Concentradora Fibra Mexicana Hotelera SA (FIHO12) led a retreat of Mexican real-estate trusts on concern higher interest rates will diminish their appeal as income-producing investments while boosting financing costs.
FibraHotel, as the lodging company is known, fell 3.9 percent to 21.21 pesos at 2:35 p.m. in Mexico City, the biggest drop since its initial public offering in November. Fibra Uno Administracion SA (FUNO11), Mexico’s first and biggest real estate investment trust, fell 1.6 percent to 37.58 pesos. The country’s benchmark IPC index declined 1 percent.
Mexican real-estate trusts, known as Fibras, had become the fastest-growing asset class in the Latin American nation as investors sought access to the property market. Demand waned as surging government bond yields made the Fibras’ dividends less attractive, according to Marco Medina, an analyst at Grupo Financiero Ve Por Mas SA.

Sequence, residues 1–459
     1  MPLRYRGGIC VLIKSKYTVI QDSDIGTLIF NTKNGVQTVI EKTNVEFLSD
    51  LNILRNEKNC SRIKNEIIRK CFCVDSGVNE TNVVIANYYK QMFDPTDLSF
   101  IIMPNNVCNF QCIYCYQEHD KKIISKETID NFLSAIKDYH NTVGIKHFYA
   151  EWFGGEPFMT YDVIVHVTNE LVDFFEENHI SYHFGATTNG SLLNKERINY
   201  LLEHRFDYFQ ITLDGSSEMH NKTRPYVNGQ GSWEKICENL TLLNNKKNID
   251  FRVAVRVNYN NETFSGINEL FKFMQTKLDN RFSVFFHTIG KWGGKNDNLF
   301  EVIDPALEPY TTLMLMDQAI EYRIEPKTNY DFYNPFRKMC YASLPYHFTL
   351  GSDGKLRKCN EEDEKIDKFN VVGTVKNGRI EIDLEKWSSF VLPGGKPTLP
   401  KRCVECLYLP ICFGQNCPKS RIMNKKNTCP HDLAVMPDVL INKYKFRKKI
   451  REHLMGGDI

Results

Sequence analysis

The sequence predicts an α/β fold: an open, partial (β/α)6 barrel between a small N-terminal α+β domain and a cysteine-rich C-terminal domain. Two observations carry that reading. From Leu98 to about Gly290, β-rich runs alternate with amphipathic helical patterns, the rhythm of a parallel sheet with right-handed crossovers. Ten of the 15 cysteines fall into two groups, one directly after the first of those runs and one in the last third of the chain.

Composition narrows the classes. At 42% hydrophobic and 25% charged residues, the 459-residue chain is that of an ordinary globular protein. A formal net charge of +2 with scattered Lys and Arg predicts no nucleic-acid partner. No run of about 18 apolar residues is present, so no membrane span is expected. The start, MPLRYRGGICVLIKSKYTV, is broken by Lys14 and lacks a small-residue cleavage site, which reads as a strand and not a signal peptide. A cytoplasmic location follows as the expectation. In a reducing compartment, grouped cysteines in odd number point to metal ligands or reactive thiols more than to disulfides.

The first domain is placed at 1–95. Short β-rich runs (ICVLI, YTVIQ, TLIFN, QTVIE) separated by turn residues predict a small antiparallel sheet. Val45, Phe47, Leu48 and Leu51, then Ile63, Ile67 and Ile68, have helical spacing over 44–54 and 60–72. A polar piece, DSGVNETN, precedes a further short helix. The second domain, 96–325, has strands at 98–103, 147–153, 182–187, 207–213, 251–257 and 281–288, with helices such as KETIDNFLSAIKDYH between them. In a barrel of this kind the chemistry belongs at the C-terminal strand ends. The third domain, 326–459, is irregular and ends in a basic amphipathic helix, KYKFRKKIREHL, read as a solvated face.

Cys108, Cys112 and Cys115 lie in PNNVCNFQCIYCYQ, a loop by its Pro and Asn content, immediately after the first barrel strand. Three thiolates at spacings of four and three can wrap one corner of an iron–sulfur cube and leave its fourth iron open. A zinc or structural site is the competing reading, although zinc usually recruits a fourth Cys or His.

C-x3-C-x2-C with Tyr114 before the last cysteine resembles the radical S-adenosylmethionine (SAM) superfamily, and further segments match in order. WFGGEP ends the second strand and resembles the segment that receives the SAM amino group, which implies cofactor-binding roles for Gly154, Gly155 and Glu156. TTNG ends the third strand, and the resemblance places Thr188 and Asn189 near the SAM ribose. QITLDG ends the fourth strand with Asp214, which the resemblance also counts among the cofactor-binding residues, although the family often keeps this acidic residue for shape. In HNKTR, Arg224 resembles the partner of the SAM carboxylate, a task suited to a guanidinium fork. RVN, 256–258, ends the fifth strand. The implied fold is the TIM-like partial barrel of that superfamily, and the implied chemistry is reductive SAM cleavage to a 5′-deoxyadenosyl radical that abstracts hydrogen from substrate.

“The correction we’ve seen in these issuers has to do in a big way with the performance of rates,” Medina said in a telephone interview from Mexico City.
Yields on the Mexican government’s 10-year bonds denominated in pesos reached a 19-month high of 6.37 percent this week. At current market prices, Fibra Uno offers a 12-month dividend yield of about 4.3 percent, according to data compiled by Bloomberg.
Two other Fibras declined. Asesor de Activos Prisma SAPI decreased 2.1 percent to 17.40 pesos while Mexico Real Estate Management SA fell 0.6 percent to 22.65 pesos.
To contact the reporter on this story: Jonathan Levin in Mexico City at firstname.lastname@example.org
To contact the editor responsible for this story: David Papadopoulos at email@example.com